• Mon
  • Jul 28, 2014
  • Updated: 3:08am
CommentInsight & Opinion

Frenzy over parking slots may be new real estate bubble

PUBLISHED : Wednesday, 28 November, 2012, 12:00am
UPDATED : Wednesday, 28 November, 2012, 5:36am

Money-minded Hongkongers will never let go any opportunity to make some quick money. Stocks and foreign currencies or flats and shops invariably have an appeal to those with some spare cash to invest. The latest most-sought item is apparently a parking space attached to a housing site. Despite the subdued economic outlook, a standard parking space in a Tai Wai property has fetched a jaw-dropping HK$1.3 million. It is disturbing to see speculators moving away from residential and commercial property to car parks.

The latest frenzy is no doubt fuelled by government measures last month to dampen soaring property prices. With limited supply and lower transaction levies, parking spaces naturally become an alternative for investors' hot money. So far this year, there have been 226 transactions in which new buyers quickly sold the slots for a profit before completing their purchase. The number is the highest since 1998.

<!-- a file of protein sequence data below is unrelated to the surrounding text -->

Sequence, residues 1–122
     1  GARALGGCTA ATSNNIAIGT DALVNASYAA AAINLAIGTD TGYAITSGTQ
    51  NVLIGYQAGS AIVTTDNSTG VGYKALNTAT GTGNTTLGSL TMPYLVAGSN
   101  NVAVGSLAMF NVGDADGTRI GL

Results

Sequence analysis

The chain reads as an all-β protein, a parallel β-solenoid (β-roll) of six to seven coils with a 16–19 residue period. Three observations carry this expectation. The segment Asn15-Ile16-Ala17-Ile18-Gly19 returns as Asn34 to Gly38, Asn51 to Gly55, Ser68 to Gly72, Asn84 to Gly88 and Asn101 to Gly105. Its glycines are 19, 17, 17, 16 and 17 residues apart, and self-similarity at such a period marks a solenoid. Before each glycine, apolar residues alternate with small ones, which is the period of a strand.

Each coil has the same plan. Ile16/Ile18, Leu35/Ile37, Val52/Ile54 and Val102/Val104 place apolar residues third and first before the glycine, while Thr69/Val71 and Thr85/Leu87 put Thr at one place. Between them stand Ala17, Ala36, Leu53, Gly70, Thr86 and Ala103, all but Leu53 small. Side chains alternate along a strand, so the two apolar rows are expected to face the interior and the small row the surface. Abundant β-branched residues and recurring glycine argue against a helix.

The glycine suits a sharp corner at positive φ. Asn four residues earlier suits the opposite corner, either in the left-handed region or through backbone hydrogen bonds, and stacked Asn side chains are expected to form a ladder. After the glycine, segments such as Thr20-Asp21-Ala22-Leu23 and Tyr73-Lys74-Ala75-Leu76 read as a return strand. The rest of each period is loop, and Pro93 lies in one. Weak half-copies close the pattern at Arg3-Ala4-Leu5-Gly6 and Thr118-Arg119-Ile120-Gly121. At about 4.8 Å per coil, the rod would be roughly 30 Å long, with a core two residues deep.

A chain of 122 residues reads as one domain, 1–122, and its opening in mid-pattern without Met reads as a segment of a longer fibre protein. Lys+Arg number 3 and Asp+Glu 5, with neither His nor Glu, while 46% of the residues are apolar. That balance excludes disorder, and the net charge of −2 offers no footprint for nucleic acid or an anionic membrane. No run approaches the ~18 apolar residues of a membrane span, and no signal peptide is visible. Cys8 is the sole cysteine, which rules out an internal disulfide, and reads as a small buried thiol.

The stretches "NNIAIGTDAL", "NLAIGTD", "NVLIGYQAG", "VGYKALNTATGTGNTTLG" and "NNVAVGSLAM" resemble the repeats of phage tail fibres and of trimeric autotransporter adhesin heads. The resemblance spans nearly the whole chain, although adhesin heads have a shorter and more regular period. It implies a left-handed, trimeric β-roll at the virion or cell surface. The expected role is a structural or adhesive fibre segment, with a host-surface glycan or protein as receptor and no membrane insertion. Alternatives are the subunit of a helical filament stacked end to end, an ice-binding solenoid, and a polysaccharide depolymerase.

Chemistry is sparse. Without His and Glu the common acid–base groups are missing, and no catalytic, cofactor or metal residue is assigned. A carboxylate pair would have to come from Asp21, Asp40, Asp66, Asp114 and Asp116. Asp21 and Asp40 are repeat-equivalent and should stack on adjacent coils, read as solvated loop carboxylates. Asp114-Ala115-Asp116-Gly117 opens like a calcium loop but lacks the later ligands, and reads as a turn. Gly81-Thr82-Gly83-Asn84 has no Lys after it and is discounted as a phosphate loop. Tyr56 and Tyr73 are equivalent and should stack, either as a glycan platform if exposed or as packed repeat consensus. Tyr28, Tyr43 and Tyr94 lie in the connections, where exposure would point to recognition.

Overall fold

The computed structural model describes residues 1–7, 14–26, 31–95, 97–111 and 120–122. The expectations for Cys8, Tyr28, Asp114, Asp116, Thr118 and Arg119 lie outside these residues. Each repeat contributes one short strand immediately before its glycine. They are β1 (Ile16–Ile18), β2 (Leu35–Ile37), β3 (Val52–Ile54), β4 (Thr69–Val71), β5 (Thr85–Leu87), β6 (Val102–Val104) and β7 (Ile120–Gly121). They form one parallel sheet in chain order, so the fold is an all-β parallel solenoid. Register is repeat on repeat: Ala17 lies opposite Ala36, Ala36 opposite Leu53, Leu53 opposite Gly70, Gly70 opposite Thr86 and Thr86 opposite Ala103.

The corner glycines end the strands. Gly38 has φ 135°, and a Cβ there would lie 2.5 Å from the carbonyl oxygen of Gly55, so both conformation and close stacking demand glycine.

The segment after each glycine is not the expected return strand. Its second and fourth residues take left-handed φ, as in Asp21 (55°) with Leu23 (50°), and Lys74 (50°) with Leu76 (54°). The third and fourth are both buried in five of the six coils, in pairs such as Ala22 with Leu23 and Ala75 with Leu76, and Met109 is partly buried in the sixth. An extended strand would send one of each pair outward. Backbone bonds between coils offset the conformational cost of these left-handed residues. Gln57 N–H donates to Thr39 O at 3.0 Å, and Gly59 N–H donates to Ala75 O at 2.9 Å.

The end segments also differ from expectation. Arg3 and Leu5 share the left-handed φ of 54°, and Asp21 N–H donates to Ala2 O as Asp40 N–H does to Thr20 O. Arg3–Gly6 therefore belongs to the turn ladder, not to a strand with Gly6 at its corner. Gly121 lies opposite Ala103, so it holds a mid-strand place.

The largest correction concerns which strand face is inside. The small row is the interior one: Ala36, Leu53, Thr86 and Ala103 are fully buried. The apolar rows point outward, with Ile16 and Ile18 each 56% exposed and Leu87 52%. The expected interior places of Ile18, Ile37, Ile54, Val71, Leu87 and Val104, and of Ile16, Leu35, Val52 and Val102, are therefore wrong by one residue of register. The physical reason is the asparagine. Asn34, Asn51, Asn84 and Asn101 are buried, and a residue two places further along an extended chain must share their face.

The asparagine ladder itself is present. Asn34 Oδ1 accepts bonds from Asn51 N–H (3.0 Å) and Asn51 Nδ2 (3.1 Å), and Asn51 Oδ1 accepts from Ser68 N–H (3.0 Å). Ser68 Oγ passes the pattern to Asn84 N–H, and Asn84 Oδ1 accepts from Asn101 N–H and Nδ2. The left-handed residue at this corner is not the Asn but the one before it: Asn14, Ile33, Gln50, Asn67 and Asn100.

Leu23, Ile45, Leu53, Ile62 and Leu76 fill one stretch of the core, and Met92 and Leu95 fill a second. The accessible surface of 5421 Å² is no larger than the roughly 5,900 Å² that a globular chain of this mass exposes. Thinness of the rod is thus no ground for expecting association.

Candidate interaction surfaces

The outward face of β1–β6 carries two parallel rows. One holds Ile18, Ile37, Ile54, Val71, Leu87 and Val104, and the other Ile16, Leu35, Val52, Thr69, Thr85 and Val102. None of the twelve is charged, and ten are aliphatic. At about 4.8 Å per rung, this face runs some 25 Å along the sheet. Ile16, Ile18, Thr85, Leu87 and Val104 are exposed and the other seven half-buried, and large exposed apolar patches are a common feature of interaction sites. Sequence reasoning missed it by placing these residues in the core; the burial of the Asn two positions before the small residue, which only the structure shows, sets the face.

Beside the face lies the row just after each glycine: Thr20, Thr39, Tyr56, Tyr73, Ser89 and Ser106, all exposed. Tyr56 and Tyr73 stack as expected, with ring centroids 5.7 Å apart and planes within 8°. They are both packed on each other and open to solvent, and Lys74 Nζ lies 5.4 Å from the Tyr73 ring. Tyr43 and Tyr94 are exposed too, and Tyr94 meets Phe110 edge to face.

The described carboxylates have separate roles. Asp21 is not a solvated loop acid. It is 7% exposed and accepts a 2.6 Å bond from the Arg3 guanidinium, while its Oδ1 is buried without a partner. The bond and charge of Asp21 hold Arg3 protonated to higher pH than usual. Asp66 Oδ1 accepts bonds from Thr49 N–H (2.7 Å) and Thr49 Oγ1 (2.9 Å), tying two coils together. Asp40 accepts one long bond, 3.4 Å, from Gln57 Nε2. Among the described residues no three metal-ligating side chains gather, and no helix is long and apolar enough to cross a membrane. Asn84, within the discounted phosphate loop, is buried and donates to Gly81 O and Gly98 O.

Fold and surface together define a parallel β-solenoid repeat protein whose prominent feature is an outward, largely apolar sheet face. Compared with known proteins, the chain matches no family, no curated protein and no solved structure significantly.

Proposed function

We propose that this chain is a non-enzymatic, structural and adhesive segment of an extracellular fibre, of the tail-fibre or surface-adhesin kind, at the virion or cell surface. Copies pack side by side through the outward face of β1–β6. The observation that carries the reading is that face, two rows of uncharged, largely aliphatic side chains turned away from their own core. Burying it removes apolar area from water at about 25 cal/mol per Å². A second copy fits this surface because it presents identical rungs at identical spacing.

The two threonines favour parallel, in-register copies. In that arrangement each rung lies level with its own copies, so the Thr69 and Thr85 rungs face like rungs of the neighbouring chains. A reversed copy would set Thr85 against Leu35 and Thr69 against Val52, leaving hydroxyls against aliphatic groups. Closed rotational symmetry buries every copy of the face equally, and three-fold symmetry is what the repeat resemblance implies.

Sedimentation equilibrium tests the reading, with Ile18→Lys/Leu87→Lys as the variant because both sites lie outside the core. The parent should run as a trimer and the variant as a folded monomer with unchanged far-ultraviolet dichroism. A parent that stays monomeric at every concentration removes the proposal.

Those who want to have a share of the pie will be happy to learn that the past weekend saw about 40 deals, with one investor pocketing up to HK$300,000 in profit. But for real users, that means a 20 per cent rise in rent. The bullish market is expected to push prices even higher when individual developers start to release more spaces onto the market over the coming weeks.

Arguably, there is nothing wrong with making the best of one's investment in a free market. But there is cause for concern when the per-square-foot price of a parking space begins to outstrip that of the flats above it. That said, it may be premature to call for anti-speculation measures on car parks. Unlike the runaway housing market, which warrants forceful measures to put it back on track, parking is not a necessity that requires urgent intervention from the government.

What goes up must come down. There is no shortage of examples to remind investors of the danger ahead. A burst bubble is always the next step for an overheated market.

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